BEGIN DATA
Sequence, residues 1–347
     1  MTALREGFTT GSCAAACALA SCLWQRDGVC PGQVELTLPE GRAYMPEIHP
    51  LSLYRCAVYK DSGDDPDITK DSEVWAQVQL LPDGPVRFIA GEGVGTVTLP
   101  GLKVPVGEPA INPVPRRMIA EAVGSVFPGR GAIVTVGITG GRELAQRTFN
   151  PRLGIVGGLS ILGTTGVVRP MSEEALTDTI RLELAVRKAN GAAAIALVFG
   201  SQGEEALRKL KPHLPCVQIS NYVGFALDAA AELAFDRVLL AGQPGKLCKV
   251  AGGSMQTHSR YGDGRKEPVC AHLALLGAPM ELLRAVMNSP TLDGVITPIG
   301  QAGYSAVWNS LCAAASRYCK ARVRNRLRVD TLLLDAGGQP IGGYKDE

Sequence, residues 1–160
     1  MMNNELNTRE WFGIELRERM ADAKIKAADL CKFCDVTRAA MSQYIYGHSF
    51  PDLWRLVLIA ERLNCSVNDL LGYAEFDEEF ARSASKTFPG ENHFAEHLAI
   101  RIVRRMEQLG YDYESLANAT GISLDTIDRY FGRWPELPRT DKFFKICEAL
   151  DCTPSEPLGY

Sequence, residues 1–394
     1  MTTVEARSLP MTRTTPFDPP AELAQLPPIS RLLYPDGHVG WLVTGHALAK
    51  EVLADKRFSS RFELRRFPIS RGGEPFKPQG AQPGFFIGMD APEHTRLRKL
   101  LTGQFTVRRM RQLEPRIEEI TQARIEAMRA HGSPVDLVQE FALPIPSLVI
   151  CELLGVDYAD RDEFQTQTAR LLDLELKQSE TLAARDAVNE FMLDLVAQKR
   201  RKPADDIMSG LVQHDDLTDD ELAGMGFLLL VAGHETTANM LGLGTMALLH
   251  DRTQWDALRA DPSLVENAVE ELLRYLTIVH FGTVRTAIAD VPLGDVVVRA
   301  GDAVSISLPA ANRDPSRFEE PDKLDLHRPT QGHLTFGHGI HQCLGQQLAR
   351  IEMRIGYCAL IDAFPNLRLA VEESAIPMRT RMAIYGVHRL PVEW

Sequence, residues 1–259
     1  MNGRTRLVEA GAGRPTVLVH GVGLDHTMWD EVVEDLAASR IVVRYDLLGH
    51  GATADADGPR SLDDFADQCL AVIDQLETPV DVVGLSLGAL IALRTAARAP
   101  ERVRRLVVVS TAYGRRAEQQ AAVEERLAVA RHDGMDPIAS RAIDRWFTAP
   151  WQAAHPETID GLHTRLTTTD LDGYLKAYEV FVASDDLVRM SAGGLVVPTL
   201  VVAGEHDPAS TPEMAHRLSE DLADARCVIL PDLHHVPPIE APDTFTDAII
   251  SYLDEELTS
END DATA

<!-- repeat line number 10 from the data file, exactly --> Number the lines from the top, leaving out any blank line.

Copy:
     1  MMNNELNTRE WFGIELRERM ADAKIKAADL CKFCDVTRAA MSQYIYGHSF